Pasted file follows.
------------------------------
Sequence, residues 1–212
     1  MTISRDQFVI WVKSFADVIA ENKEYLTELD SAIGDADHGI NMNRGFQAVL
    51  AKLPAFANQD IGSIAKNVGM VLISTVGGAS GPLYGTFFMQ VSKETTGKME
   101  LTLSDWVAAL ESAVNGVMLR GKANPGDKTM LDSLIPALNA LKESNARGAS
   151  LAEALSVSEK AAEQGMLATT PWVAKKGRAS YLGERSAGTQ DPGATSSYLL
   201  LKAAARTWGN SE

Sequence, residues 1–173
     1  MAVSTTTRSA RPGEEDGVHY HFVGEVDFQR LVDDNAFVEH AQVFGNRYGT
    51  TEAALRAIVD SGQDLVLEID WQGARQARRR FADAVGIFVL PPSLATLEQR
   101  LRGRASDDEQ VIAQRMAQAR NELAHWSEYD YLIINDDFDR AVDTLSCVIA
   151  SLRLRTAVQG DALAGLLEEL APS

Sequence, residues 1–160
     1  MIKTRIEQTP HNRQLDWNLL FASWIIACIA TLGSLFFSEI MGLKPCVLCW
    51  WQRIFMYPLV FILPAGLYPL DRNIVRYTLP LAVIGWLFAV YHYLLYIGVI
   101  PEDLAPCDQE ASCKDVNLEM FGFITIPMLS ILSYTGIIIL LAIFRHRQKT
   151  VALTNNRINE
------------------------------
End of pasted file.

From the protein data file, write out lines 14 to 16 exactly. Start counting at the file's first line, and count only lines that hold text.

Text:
    51  WQRIFMYPLV FILPAGLYPL DRNIVRYTLP LAVIGWLFAV YHYLLYIGVI
   101  PEDLAPCDQE ASCKDVNLEM FGFITIPMLS ILSYTGIIIL LAIFRHRQKT
   151  VALTNNRINE